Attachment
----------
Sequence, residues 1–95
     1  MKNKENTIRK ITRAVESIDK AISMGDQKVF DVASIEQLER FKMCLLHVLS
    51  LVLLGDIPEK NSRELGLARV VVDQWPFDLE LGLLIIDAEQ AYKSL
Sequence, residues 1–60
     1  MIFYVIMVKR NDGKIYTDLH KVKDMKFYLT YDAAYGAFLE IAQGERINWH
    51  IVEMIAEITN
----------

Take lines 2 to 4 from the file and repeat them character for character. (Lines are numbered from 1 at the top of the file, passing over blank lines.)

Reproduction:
     1  MKNKENTIRK ITRAVESIDK AISMGDQKVF DVASIEQLER FKMCLLHVLS
    51  LVLLGDIPEK NSRELGLARV VVDQWPFDLE LGLLIIDAEQ AYKSL
Sequence, residues 1–60